Funny People


Funny People

Jason Schwartzmann, Seth Rogen and Jonah Hill are all funny people.

(Universal) Adam Sandler, Seth Rogen, Jonah Hill, Eric Bana, Leslie Mann, Jason Schwartzmann, RZA, Aubrey Plaza, Aziz Ansari. Directed by Judd Apatow

We love to laugh. Those who can make us laugh with amazing regularity own a special place in our hearts. However, the cost of that laughter can often be unbearable.

George Simmons (Sandler) is one of the planet’s top comedians. His movies have grossed hundreds of millions, and his stand-up act is legendary. He is also undeniably alone; his ex-girlfriend Laura (Mann) left him because George cheated on her. Now, George has just received some devastating news – he has a rare and fatal blood disease. His doctors want to try an experimental treatment, but the prognosis is grim.

Ira Wright (Rogen) is an aspiring stand-up who, as his co-worker Chuck (RZA) at the deli he works at opines, isn’t very funny. Ira sleeps on the couch in an apartment shared by Ira’s friend Leo (Hill) who is also a stand-up comedian (only much better and more successful) and Mark (Schwartzmann) who has hit the jackpot – he’s the lead on an NBC sitcom that, while not very good, at least pays Mark exceedingly well.

George decides to excise his demons through standup and goes to an open-mike competition at his old stomping grounds where Ira and Leo are also performing, along with Randy (Ansari), a rival comic with a biting sense of humor. George is somewhat impressed with Ira and Leo and offers them jobs as writers but Ira, in an uncharacteristic move, cuts Leo out of the equation.

The two form an odd relationship as George hires Ira to be his assistant but there’s definitely a bond between them. Ira is one of the few people…okay the only person…that George can confide in. Otherwise, George is somewhat insufferable, often treating Ira like dirt, so isolated by his own celebrity that he can’t reach out in his hour of need.

Despite the title, this isn’t a movie about comedy or even really about comedians, and despite the plot it’s not a movie about dealing with mortality either. That’s more or less a side issue. What the movie is about is isolation and what it does to us. This is a movie about human beings who happen to work as comedians, but it isn’t about being a comedian.

If this all sounds confusing, don’t be. It works as a matter of fact, particularly the first two-thirds of the movie. Where it falls flat is in the last third wherein George tries to win Laura back from her obnoxiously macho Aussie husband (Bana). Even though Mann gives a thoroughly satisfying performance in her role as George’s muse, the sad fact of the matter is that the situation here is painful in many ways and when Ira pleads “Can’t we just go now” I can empathize.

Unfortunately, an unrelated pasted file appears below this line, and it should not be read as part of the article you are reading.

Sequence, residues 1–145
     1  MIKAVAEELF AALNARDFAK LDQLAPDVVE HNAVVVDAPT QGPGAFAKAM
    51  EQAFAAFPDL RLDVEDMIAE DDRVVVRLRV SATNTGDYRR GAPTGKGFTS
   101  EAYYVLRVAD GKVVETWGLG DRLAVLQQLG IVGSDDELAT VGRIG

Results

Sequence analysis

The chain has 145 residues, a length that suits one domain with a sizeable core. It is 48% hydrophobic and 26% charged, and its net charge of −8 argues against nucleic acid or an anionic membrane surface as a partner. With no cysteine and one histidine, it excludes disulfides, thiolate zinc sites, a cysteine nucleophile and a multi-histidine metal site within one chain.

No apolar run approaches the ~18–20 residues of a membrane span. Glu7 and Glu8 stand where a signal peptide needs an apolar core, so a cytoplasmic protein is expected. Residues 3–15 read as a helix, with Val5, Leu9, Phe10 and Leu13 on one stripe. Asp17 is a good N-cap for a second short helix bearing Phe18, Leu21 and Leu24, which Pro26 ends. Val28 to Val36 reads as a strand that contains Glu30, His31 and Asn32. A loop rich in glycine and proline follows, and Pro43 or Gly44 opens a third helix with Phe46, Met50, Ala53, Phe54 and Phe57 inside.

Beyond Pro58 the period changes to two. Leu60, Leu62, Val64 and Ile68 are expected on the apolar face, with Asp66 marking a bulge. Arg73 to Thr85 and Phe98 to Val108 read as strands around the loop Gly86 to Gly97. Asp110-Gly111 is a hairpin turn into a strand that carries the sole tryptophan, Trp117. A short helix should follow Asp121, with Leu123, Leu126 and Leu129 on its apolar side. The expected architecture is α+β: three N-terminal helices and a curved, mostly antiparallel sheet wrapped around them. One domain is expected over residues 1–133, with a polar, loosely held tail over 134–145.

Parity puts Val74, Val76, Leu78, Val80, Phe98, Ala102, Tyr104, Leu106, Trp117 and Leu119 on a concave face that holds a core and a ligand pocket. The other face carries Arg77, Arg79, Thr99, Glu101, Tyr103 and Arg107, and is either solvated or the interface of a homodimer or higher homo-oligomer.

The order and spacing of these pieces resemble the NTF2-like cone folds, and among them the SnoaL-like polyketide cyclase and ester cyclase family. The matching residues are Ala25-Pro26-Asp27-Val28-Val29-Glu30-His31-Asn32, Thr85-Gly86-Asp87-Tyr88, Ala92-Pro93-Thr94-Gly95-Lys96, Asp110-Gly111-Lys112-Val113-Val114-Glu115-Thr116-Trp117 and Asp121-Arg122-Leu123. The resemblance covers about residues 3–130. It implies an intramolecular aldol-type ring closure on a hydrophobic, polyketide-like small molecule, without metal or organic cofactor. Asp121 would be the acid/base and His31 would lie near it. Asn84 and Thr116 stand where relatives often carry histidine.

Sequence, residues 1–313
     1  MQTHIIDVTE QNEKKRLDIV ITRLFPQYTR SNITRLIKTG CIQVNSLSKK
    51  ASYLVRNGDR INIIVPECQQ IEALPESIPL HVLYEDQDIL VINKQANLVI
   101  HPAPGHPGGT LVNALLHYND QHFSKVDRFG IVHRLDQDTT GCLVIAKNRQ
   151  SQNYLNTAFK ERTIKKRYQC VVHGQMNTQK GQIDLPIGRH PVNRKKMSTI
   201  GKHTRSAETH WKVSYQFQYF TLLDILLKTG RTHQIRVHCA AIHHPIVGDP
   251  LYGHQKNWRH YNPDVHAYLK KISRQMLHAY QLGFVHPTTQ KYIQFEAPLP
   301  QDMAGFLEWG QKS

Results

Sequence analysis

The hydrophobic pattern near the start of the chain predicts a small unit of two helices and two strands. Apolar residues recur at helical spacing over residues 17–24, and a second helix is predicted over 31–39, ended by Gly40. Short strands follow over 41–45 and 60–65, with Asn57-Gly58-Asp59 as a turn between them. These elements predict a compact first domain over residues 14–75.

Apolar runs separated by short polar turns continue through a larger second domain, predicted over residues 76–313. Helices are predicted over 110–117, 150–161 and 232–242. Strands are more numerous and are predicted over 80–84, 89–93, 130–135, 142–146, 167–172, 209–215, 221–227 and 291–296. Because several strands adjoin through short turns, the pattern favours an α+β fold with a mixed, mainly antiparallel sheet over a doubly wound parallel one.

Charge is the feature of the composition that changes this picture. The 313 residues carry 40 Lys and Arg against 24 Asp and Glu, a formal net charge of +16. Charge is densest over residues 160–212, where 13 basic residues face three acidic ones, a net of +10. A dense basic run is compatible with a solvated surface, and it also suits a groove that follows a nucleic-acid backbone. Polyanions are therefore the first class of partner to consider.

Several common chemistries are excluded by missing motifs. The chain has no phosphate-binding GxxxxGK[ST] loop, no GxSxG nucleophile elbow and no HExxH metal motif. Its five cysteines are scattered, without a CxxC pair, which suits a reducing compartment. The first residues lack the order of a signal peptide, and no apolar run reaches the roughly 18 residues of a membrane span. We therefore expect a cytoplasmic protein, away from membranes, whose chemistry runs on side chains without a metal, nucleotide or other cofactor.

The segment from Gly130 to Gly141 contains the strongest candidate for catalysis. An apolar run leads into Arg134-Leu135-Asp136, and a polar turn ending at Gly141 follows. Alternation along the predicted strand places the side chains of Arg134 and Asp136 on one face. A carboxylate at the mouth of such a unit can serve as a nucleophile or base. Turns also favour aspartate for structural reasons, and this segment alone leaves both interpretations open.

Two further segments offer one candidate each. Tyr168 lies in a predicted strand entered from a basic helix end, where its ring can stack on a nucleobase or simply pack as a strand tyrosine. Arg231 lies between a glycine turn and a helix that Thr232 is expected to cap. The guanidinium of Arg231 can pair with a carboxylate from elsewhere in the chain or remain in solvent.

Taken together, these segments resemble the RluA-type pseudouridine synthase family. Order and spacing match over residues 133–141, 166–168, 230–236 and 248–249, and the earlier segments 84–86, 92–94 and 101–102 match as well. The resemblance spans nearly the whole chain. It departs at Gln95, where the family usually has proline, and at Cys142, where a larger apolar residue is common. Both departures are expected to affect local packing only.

On the plus side, Sandler and Rogen both give their best performances ever. Sandler shows the kind of depth he displayed in Punch Drunk Love and Reign Over Me and takes it to new levels. This is far from the lovable kinds of characters he’s played in movies like Happy Gilmore or Bedtime Stories; in fact, George Simmons is a bit of a prick. It takes some courage to go as far out of his comfort zone as Sandler appears to here.

Rogen has mostly played lovable stoners throughout his career. Here, he is a bit more driven, a bit more ambitious and a little less lovable. He’s basically a decent guy and yet he screws over a friend. He is kind of sweet on fellow comedian Daisy (Plaza) but can’t bring himself to ask her out on a date and gets furious with her when she sleeps with Mark. Yes, he’s a bit of a loser but one senses he isn’t going to remain that way for long.

I liked the movie enough to overlook that final reel which doesn’t work as well. The crux of the movie seems to belong more in the relationship between George and Ira than it does to George and Laura; certainly that whole sequence could and should have been cut down significantly.

What works here works really well. The standup sequences are incredible in places, and I did laugh a lot throughout. While there is a good deal of emphasis on penis humor, it isn’t enough to be off-putting. Sadly, the movie was mis-marketed by Universal who portrayed the movie as a straight comedy and it really isn’t that, so the film didn’t do the box office it probably deserved. However, it is worth taking a peek, particularly if you like your movies to run the gamut of emotions.

WHY RENT THIS: Some genuinely funny moments as well as some genuine pathos. Sandler and Rogen are at the top of their games.

WHY RENT SOMETHING ELSE: The whole winning back of his wife thing is often awkward and uncomfortable.

FAMILY VALUES: There is a tremendous amount of blue language and some crude sexual references; it’s R-rated stand-up comedy for sure.

TRIVIAL PURSUIT: George and Ira are named after the brothers George and Ira Gershwin, the famous composer and lyricist who among other things, composed Rhapsody in Blue.

NOTABLE DVD EXTRAS: There’s a lot going on, both on the 2-disc Collectors DVD edition and the Blu-Ray.  There is a video diary from Apatow that gives extensive insight into the making of the movie. Archival footage shows Sandler and Apatow appearances on Letterman, Dennis Miller’s talk show and “The Midnight Hour with Bill Maher.” There’s also a faux documentary on Randy, the Ansari character who will be getting a feature film of his own shortly and a “highlight reel” of George’s film career. There are also the full versions of the songs James Taylor performs at the MySpace Party, as well as full jams between Sandler and Jon Brion, and some rapping by RZA. The Blu-Ray version also contains an appearance on the Charlie Rose Show by Sandler and Apatow promoting the film. All in all one of the more impressive packages for any recent release.